My initial thought upon leaving Batman v Superman: Dawn of Justice was that the movie felt like what an eight-year-old would come up with while playing with a set of action figures. After thinking about it, I retract the statement because it is insulting to the eight-year-old, who would probably be able to come up with something more coherent and focused than whatever director Zack Snyder and his screenwriting team concocted in their heads.
Its not shocking that Snyder — who throughout his career has grappled with omnipresent characters — would paint Superman (Henry Cavill) as this God-like figure in both this movie and his previous one, Man of Steel. This complex is again on display in Batman v Superman (and even more heightened) with Snyder, much like the eight-year-old, playing puppet master to a set of toys bequeathed to him by Warner Bros. and DC Comics.
It becomes apparent rather quickly that not only is Snyder incorrect for the job of creating a set of movies with these characters, but that the infrastructure in place is so weak that it begs the question of going forward from here.
Batman v Superman picks up following the events of the previous movie, Man of Steel, with Bruce Wayne/Batman (Ben Affleck) arriving at Metropolis during the climactic battle between Superman and General Zod (Michael Shannon). In what can only be seen as some of the most overt 9/11 imagery used yet in a superhero movie, Bruce Wayne makes his way through the city in an attempt to save members of his company at Wayne Enterprise’s Metropolis branch, which is in the cross hairs of the battle. The carnage weighs on Wayne as he sees a new threat not only to Metropolis or Gotham City (his home), but also to the safety of the world.
18 months later and Metropolis is being rebuilt with eccentric billionaire Lex Luthor (Jesse Eisenberg) looking to harness some of the technology leftover from the battle. Superman has gained popularity from the skirmish, but is seen as a superhuman terrorist in the eyes of Senator Finch (Holly Hunter), who is looking for the hero to face his most recent actions where he took down a group of extremists who captured Lois Lane (Amy Adams). With Superman gaining in favor with the public and disdain in the government, Batman begins to build an arsenal against the hero.
The first apparent issues with the movie is its convoluted plot. Screenwriters Chris Terrio and David S. Goyer attempt to pack every “necessary” detail into the film’s two hour and 30 minute run time in an effort to give weight to the clash between iconic figures, but instead, created a labyrinth that after an hour, no one wants to explore any longer. Court battles, high-class parties, and graveyard visits have to make up an hour of the movie’s time and amount to nothing more than useless filler.
Maybe the writers thought these “plot points” would bring gravitas to this obnoxious disagreement, but it does not make any sense. Mix that all together with a heaping of theological questioning and the story becomes a hodgepodge of misunderstood ideals. It is unclear whether these writers just did not understand the themes they were playing with or just thought by adding in theological elements to a story, it would seem more intelligent. Instead, it makes them look more ignorant.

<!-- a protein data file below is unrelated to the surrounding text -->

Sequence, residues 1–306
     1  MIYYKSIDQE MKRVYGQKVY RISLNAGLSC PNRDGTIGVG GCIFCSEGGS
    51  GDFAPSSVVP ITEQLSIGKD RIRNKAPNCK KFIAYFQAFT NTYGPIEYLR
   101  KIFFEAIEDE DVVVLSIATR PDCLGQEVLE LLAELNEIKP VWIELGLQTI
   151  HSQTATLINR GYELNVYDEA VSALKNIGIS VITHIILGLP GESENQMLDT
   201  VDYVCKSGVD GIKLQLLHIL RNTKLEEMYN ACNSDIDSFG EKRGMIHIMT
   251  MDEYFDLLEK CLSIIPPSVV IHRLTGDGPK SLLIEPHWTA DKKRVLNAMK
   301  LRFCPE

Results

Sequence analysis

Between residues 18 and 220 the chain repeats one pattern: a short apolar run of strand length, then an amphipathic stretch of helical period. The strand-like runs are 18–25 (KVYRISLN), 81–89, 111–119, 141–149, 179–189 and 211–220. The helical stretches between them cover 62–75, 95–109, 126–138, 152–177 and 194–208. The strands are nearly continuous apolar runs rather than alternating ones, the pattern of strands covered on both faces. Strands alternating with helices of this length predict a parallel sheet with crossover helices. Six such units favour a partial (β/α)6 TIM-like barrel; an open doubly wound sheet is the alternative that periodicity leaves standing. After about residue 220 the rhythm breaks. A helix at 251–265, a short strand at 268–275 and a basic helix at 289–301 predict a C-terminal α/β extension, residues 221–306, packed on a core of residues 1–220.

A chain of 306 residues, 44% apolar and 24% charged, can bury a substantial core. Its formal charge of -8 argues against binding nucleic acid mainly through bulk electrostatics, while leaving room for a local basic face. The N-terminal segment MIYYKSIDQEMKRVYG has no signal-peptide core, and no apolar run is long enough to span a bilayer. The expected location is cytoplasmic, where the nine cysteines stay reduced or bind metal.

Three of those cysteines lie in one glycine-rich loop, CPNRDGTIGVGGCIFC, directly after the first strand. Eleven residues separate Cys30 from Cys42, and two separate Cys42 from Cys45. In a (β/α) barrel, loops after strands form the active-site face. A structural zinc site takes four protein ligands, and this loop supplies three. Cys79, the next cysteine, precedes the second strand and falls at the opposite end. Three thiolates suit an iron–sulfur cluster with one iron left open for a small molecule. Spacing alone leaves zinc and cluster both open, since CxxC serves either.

What is the root cause for this battle between Batman and Superman? Batman is upset with how Superman cavorts himself around and wants to see an end to it? Superman finds Batman to be dated and unnecessary so he looks for a way to eradicate the Caped Crusader from the equation?
Why does this plot have to be so complicated when the reasons are so simple. Following his own lead with Man of Steel, Snyder seems overly interested in bringing in multiple elements and playing with the ideas of what makes a hero and when their duty is not needed anymore. While these are questions that could be dissected with tact and intelligence, he instead leans on the weight of Terrio and Goyer’s overwrought story and gives us one of the most incomprehensible first hour of blockbuster filmmaking I have seen in some time.
We want this movie to be a grandiose struggle between two titans in the Greek sense that pits wit and brawn against each other in a clash for the ages, but this movie takes too long and makes too many detours to really add anything substantial to this moment. When we finally get to the battle between the two characters, it seems as if it is a forced scene due to the movie’s title rather than an organic progression of character or story.
A lack of story is not something that only DC struggles with. Last year, I wrote about Marvels’ Avengers: Age of Ultron and how it seemed more interested on what was coming next rather than what was right in front of it. Batman v Superman suffers the same fate, even going as far as to muddle the plot even more than Ultron, and forgets that this is supposed to be a stepping stone or introduction for the future of the universe rather than the first act.
Because of this misunderstanding, this movie never feels like its own thing and becomes a collection of weird plots that don’t line-up, only to lead us to the battle that is supposed to usher us into the future of Wonder Woman, Superman, Batman, Green Lantern, etc.
The spectacle of superhero movies is nice, but the most successful action movies show us that we need a story, set of characters, and drive to keep us engaged. Batman v Superman lacks all of that and should take a long look at what they really want to do with this perceived universe before progressing any further with their proposed future.